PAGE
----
Life Cycles

September 29, 2012 

After the hot, dry summer we had around here, the cooler fall weather makes me smile all over – even with all the crazy things going on in the world.  We’ve had more rain in the last few weeks than we had in June and July together.  We’ve still not made up for the drought, but it seems like we’re finally working at it.  And, with the lovely cool nights I’ve slept better these last few weeks than I did all summer.

So, with all this fall energy, I’ve set about on two tasks over the last week – taking apart the summer garden and deep cleaning the apartment.  As pathetic as the summer garden was this year, I always feel a little sad pulling up the plants I so tenderly nourished from mid spring through autumn.  Of course, it all goes into the compost pile for recycling next spring.  The five little cantaloupes that popped up at the end of last month all went mushy before they could ripen.  They and their vines now also reside in the compost pile.  I did leave the tomato plants.  They’ve suddenly burst into bloom again and I brought in the first tomato since July the other day while another, smaller one waits for first blush out there.  Will others follow?  Ah, the mysteries of the garden.

The fall garden I planted didn’t make it. What the tenant’s dogs didn’t dig up, my son accidentally weed-whacked out of existence the other day when he kindly came over to help clean up things.  I did manage to save one of the volunteer basil and replant it in a pot in the kitchen window.  And, one radish plant managed to hide from both the dogs and the weed-whacker under the now-browning asparagus fronds.  I’ll probably just let it go to seed for next year.  Safe from both son and dogs, the lettuce and spinach out on my little south porch are doing well.  I’ve already had several nice salads.  A few onions I planted from seed in the earth boxes last fall (and forgot about) are suddenly growing among the lettuce leaves this year and I still have seed onions and garlic to plant in early November.

All told, things weren’t a total bust.  I have a couple of gallon bags of asparagus from this spring in the freezer, along with a quart bag of diced onions, one of diced peppers, another of sliced okra, the four gallons of frozen grapes, two gallons of rhubarb and a quart of strawberries a friend gave me that I sliced and froze.  Along with the meat, dried eggs, flour, cornmeal and other oddities I keep in the freezer, the can goods in the pantry, the sprouts I’ll grow this winter and whatever other goodies I can tuck away before winter, I’m not likely to starve any time soon.  I will try for a small garden in the house again this winter, though I’ve not had much luck in previous years.

Oh, and the banana tree I thought was dead – especially after I took down the last dying stalk – has sprouted three new trees from the roots of the old.  Well, let that be a lesson for me.  Who knows what will come of it, but Life does go on.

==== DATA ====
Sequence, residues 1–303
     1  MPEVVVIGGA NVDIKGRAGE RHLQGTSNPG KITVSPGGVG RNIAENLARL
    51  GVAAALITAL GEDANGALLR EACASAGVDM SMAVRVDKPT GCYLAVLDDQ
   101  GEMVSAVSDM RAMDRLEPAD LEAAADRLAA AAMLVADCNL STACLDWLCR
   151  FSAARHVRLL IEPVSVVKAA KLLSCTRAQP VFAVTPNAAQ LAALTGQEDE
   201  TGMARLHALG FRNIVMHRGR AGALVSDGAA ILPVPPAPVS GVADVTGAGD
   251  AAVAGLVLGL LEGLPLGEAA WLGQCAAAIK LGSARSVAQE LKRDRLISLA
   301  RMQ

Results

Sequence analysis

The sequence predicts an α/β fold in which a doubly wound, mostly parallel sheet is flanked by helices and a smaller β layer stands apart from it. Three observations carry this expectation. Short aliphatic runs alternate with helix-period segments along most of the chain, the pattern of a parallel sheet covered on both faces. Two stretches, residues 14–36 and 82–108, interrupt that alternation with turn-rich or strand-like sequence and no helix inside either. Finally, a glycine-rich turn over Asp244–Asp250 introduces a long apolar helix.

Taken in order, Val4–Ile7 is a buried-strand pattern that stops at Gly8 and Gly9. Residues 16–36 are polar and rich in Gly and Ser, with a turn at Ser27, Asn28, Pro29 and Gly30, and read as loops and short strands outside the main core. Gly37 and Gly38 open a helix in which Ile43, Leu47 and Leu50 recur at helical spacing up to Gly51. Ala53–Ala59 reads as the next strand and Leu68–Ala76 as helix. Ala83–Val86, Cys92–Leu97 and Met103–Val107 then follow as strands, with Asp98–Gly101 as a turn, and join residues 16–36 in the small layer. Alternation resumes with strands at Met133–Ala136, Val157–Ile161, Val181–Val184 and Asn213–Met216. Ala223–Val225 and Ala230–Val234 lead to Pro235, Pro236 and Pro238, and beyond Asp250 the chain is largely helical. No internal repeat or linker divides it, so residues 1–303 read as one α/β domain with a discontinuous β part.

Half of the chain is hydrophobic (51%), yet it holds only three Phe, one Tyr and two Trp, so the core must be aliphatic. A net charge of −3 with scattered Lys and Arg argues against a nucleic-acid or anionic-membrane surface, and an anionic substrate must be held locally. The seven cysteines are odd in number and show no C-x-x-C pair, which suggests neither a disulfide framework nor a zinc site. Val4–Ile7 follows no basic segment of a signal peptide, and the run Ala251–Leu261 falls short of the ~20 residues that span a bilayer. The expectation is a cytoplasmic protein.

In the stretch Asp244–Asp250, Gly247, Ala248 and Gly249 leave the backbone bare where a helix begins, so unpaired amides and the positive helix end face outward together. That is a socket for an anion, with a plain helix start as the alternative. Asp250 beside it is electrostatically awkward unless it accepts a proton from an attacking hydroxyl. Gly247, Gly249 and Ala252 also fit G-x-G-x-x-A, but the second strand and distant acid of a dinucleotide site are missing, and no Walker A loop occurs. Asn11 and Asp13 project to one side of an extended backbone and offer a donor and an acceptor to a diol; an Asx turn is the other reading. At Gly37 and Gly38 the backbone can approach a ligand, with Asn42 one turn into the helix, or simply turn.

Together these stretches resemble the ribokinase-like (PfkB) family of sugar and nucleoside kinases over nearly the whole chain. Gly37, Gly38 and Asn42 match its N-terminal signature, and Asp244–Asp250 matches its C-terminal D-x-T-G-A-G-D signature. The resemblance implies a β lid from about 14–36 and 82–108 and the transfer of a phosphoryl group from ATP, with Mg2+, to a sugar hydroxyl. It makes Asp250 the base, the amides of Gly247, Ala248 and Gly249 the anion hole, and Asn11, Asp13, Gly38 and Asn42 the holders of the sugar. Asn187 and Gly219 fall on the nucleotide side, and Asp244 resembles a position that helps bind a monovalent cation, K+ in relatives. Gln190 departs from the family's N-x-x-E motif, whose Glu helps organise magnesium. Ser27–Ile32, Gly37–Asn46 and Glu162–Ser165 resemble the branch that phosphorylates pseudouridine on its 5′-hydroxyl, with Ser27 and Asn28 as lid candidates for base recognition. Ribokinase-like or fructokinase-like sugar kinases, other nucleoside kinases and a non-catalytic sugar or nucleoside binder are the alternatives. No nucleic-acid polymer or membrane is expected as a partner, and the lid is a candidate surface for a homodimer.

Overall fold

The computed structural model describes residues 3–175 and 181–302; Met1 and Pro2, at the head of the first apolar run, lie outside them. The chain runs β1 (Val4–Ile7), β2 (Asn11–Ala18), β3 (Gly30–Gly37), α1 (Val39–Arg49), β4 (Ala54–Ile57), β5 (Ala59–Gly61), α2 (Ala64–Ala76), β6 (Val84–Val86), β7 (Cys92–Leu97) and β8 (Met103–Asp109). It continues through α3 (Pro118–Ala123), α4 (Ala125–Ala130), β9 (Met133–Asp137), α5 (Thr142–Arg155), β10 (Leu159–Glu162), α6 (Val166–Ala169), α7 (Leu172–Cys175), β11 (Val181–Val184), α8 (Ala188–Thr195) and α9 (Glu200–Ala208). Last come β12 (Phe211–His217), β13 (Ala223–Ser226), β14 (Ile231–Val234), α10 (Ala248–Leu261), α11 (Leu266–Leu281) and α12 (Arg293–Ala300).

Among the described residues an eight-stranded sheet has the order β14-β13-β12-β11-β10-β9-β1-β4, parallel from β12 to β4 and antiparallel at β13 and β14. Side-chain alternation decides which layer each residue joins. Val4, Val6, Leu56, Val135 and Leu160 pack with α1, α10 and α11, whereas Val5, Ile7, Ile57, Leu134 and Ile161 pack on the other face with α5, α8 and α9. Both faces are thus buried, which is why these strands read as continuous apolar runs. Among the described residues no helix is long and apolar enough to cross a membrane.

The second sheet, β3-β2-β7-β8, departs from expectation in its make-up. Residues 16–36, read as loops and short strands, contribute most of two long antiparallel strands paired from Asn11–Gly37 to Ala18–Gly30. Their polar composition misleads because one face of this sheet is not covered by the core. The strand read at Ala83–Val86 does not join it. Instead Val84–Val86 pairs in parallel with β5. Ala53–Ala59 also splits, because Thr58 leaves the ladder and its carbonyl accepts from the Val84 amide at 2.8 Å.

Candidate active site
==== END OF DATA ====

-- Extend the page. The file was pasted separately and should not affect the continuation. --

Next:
Next weekend the roof on the side porch gets new shingles and the week after that, if it doesn’t rain too much, I’ll put a fresh coat of paint on the little porch.

As for deep cleaning the apartment, it’s not quite as joyful a task as the garden, but one that needs doing.  So, once a year, I wipe down the walls – and the ceilings where necessary – wash the windows, the curtains, the slipcovers and throw pillows, all the things I, as a poor housekeeper, fail to do often enough during the year.  I do it one room at a time, in between things that still need doing outdoors.  After all, I don’t want to waste this lovely fall weather inside all day.  It will take me a month or so before I’m satisfied that I can live with it another year.

By that time, we’ll have had our first deep frost and it will be time to look around at what I’ve accomplished this year, inside and out, and begin making lists for what I’ll need to get done next year.

Through the winter, I’ll probably take it easy – unless I decide that I can squeeze out enough money to put a new coat of paint on those walls and ceilings.  By late winter, I’ll have cabin fever.  That’s the time to pull out the seed catalogs and the gardening notebook, plan next spring’s garden, start the transplants, see what’s fallen apart during the winter and needs fixing next year and make a new list of chores.

Then, sometime next March or early April, I’ll see that the crocus are in bloom and the jonquils are sprouting their long, green leaves.  Spring will be here – with whatever that entails in this era of climate change, economic fragility, social unrest and energy scarcity – and the whole kit and caboodle will start again.

It just never ends, we sometimes whine.  And, you know what I say?   Thank goodness for that.


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